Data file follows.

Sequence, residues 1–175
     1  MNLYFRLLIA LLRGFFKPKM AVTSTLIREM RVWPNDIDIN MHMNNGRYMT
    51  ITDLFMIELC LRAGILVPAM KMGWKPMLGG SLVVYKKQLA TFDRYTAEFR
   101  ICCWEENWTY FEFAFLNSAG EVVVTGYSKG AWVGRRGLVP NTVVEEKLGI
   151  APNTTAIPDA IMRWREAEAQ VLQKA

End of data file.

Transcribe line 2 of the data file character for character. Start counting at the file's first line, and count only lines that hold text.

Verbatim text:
     1  MNLYFRLLIA LLRGFFKPKM AVTSTLIREM RVWPNDIDIN MHMNNGRYMT